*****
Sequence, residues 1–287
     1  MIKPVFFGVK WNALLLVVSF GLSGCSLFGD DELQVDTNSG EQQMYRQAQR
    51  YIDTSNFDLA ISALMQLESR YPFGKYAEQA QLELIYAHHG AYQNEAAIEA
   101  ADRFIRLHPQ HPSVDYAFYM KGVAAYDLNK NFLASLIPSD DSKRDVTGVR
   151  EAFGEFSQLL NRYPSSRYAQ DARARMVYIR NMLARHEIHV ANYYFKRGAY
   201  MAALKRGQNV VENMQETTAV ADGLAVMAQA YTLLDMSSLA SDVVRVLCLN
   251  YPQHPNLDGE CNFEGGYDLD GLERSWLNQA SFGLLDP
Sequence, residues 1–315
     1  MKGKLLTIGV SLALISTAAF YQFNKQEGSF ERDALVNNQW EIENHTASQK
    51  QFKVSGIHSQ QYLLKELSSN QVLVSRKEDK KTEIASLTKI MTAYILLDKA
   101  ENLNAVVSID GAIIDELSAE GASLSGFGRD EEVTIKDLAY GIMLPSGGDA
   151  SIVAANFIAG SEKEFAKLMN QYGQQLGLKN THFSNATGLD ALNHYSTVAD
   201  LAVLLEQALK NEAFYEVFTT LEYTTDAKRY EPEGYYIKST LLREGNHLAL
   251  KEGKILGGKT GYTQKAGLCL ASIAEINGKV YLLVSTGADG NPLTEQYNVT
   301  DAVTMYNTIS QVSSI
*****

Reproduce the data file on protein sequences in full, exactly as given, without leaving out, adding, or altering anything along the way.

Sequence, residues 1–287
     1  MIKPVFFGVK WNALLLVVSF GLSGCSLFGD DELQVDTNSG EQQMYRQAQR
    51  YIDTSNFDLA ISALMQLESR YPFGKYAEQA QLELIYAHHG AYQNEAAIEA
   101  ADRFIRLHPQ HPSVDYAFYM KGVAAYDLNK NFLASLIPSD DSKRDVTGVR
   151  EAFGEFSQLL NRYPSSRYAQ DARARMVYIR NMLARHEIHV ANYYFKRGAY
   201  MAALKRGQNV VENMQETTAV ADGLAVMAQA YTLLDMSSLA SDVVRVLCLN
   251  YPQHPNLDGE CNFEGGYDLD GLERSWLNQA SFGLLDP
Sequence, residues 1–315
     1  MKGKLLTIGV SLALISTAAF YQFNKQEGSF ERDALVNNQW EIENHTASQK
    51  QFKVSGIHSQ QYLLKELSSN QVLVSRKEDK KTEIASLTKI MTAYILLDKA
   101  ENLNAVVSID GAIIDELSAE GASLSGFGRD EEVTIKDLAY GIMLPSGGDA
   151  SIVAANFIAG SEKEFAKLMN QYGQQLGLKN THFSNATGLD ALNHYSTVAD
   201  LAVLLEQALK NEAFYEVFTT LEYTTDAKRY EPEGYYIKST LLREGNHLAL
   251  KEGKILGGKT GYTQKAGLCL ASIAEINGKV YLLVSTGADG NPLTEQYNVT
   301  DAVTMYNTIS QVSSI